Fish can bend their heads up like animals on land, but have to bend their entire spines, X-ray shows
- Fish can tilt their heads upwards by bending their spines – similar to a person
- Rainbow trout and frogfish can normally have their heads between 20-30°. to spin
- Trout tend to turn less than 3° and use a third of their joints to lift their heads
- Frogfish can turn 20 to 30° to lift their heads with their first joint
- On their tips, trout can turn their heads 18.6° and angler fish up to 56°
This gives new meaning to the expression, ‘keep your head on a swivel’.
A researcher at the University of Liverpool has found that fish can tilt their heads upward by flexing their spines – similar to someone lifting their head with their necks – despite the simple fact that they are built completely differently from land animals.
dr. Ariel Camp looked at the motion of the spine in rainbow trout and anglerfish using X-rays and digital animations and found that they can normally rotate between 20 and 30 degrees.
Fish can tilt their heads upward by bending their spines — similar to a person, a new study has found
“Instead of just using the vertebral joints directly behind the head as a human would, these fish arched up to two-thirds of their spines when lifting their heads to eat,” said the study’s lead author, Dr. Ariel Camp, in a pronunciation.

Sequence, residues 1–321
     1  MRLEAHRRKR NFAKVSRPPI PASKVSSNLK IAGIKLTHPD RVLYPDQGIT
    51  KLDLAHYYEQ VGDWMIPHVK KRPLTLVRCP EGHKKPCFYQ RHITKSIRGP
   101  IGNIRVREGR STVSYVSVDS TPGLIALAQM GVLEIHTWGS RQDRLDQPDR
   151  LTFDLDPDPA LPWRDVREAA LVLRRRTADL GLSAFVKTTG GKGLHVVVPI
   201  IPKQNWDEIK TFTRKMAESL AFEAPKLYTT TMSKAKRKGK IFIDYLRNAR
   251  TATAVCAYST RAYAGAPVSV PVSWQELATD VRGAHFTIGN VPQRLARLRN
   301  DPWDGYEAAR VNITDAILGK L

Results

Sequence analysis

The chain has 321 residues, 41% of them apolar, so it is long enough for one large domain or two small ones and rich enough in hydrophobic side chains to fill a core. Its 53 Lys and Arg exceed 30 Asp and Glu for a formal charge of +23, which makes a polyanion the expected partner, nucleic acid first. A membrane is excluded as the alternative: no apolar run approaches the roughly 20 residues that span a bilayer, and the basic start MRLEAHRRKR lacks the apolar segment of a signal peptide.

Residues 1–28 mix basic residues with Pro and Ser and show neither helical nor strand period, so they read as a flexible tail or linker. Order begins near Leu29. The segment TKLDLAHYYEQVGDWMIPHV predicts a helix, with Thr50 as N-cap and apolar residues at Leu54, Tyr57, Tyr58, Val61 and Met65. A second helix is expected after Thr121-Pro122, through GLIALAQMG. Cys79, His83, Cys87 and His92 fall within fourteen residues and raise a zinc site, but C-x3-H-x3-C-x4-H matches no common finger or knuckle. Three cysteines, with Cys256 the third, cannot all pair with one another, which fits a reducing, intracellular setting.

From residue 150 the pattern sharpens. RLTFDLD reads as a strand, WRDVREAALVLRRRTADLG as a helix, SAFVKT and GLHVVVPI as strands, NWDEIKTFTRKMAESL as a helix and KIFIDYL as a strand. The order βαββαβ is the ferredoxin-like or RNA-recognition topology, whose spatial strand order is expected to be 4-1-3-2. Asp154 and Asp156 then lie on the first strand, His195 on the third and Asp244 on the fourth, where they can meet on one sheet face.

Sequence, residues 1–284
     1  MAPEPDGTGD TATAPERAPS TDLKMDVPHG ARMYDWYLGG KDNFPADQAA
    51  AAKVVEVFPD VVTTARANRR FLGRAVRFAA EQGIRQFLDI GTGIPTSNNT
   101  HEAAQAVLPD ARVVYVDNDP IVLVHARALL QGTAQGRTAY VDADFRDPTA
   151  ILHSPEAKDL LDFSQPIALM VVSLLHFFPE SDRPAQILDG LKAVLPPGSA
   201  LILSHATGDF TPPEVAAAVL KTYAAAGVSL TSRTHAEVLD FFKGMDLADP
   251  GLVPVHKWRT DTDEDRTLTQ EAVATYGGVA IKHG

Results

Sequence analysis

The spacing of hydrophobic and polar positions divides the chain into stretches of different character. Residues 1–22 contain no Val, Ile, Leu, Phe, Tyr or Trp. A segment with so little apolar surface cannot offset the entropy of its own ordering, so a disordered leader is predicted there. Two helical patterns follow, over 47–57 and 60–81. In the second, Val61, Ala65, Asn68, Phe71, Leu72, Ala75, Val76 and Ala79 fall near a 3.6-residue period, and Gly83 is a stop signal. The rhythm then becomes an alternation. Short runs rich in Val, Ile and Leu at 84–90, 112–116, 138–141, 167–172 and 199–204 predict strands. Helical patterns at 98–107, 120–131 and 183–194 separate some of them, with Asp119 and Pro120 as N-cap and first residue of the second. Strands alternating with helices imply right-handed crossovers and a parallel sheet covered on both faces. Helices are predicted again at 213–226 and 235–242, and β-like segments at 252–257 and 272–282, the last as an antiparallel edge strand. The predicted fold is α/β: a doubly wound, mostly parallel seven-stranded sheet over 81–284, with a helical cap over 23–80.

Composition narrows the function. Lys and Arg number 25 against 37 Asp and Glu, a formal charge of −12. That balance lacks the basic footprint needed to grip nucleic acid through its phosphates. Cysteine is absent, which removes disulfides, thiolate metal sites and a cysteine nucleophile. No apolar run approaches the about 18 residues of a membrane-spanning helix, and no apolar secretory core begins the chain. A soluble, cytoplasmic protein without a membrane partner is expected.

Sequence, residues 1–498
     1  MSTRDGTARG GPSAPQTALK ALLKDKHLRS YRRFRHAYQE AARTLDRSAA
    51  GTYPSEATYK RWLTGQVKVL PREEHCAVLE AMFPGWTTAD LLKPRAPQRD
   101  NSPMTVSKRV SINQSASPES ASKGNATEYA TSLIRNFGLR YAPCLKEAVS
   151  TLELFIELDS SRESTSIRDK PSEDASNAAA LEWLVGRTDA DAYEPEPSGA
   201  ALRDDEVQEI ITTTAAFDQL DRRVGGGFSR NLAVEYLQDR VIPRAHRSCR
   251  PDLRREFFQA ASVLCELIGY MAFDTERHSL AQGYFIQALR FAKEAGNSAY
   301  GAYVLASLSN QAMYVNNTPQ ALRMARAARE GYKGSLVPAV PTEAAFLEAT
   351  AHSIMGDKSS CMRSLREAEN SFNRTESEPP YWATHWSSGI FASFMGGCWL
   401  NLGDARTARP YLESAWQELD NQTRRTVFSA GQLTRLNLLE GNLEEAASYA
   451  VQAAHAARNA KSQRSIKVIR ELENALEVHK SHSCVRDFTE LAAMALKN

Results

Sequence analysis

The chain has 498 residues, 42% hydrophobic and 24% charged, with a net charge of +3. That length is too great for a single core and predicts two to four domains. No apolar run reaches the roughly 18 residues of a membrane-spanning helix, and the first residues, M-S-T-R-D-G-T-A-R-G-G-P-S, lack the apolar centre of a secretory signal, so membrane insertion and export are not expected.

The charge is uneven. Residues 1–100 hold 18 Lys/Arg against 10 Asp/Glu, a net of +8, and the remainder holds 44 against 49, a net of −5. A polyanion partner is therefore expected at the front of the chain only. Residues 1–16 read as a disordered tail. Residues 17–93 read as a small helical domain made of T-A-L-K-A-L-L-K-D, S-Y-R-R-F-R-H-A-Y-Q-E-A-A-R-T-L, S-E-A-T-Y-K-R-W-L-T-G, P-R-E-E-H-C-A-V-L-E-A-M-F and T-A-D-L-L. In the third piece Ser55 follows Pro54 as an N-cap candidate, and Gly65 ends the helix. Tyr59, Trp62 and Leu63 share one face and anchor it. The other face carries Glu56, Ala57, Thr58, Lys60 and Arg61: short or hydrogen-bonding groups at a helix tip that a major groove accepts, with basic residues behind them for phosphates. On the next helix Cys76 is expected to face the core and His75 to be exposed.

“This shows that fish move their spines three-dimensionally as they swim and eat, which helps us understand the evolution of the spine — and especially the neck — in vertebrates.”
Camp noted that trout have small — usually less than three degrees — dorsal rotations for a third of their joints to lift their heads.
On average, the fish can normally turn their head between 20-30°. to spin
Frogfish, however, can rotate 20 to 30 degrees to lift their heads with their first intervertebral joint, but have small rotations over the rest of the vertebrate.
On their tops, however, the trout were able to turn their heads up to 18.6 degrees, while some angler fish could turn up to 56 degrees.
Tetrapods (or four-limbed animals) use their necks to move their heads in a three-dimensional manner relative to their bodies and limbs.
Since fish don’t have necks, it was thought they couldn’t.
At their peaks, trout could turn their heads up to 18.6 degrees, while some angler fish could do it up to 56 degrees
However, Camp saw this movement while feeding, when many species lift their heads relative to their bodies.
The head lift is believed to arise from “the craniovertebral and cranial most intervertebral joints acting like a neck, by rotating (extending) dorsally,” she added.
The head lift is believed to arise from “the craniovertebral and cranial most intervertebral joints acting like a neck, by rotating (stretching) dorsally,” Camp said.
‘Unlike tetrapods, fish rotate large areas of the spine to turn the head,’ explains Camp.
“This suggests that both cranial and more caudal vertebrae should be considered to understand how non-tetrapods control movement at the head-body interface.”
The study was published today in Proceedings of the Royal Society B: Biological Sciences.